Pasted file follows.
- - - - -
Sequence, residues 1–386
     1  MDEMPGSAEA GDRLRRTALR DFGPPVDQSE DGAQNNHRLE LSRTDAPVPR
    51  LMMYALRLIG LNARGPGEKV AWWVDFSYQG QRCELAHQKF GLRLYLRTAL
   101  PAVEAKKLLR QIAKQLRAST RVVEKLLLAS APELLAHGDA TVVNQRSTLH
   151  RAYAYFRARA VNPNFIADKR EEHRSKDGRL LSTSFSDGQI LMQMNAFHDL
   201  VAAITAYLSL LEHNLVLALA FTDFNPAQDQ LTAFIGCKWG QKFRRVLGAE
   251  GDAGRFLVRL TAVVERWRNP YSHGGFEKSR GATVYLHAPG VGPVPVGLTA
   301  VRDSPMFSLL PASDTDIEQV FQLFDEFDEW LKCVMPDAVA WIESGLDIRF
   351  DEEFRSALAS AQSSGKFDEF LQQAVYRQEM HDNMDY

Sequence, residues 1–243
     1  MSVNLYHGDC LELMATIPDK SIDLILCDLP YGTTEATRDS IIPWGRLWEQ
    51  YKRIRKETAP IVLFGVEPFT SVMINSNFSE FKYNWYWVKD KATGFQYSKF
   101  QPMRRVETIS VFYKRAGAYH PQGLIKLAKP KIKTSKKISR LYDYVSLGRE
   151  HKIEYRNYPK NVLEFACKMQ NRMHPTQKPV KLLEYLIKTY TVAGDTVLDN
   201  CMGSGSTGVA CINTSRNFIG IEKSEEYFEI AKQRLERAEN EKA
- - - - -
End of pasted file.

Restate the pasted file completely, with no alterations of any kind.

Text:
Sequence, residues 1–386
     1  MDEMPGSAEA GDRLRRTALR DFGPPVDQSE DGAQNNHRLE LSRTDAPVPR
    51  LMMYALRLIG LNARGPGEKV AWWVDFSYQG QRCELAHQKF GLRLYLRTAL
   101  PAVEAKKLLR QIAKQLRAST RVVEKLLLAS APELLAHGDA TVVNQRSTLH
   151  RAYAYFRARA VNPNFIADKR EEHRSKDGRL LSTSFSDGQI LMQMNAFHDL
   201  VAAITAYLSL LEHNLVLALA FTDFNPAQDQ LTAFIGCKWG QKFRRVLGAE
   251  GDAGRFLVRL TAVVERWRNP YSHGGFEKSR GATVYLHAPG VGPVPVGLTA
   301  VRDSPMFSLL PASDTDIEQV FQLFDEFDEW LKCVMPDAVA WIESGLDIRF
   351  DEEFRSALAS AQSSGKFDEF LQQAVYRQEM HDNMDY

Sequence, residues 1–243
     1  MSVNLYHGDC LELMATIPDK SIDLILCDLP YGTTEATRDS IIPWGRLWEQ
    51  YKRIRKETAP IVLFGVEPFT SVMINSNFSE FKYNWYWVKD KATGFQYSKF
   101  QPMRRVETIS VFYKRAGAYH PQGLIKLAKP KIKTSKKISR LYDYVSLGRE
   151  HKIEYRNYPK NVLEFACKMQ NRMHPTQKPV KLLEYLIKTY TVAGDTVLDN
   201  CMGSGSTGVA CINTSRNFIG IEKSEEYFEI AKQRLERAEN EKA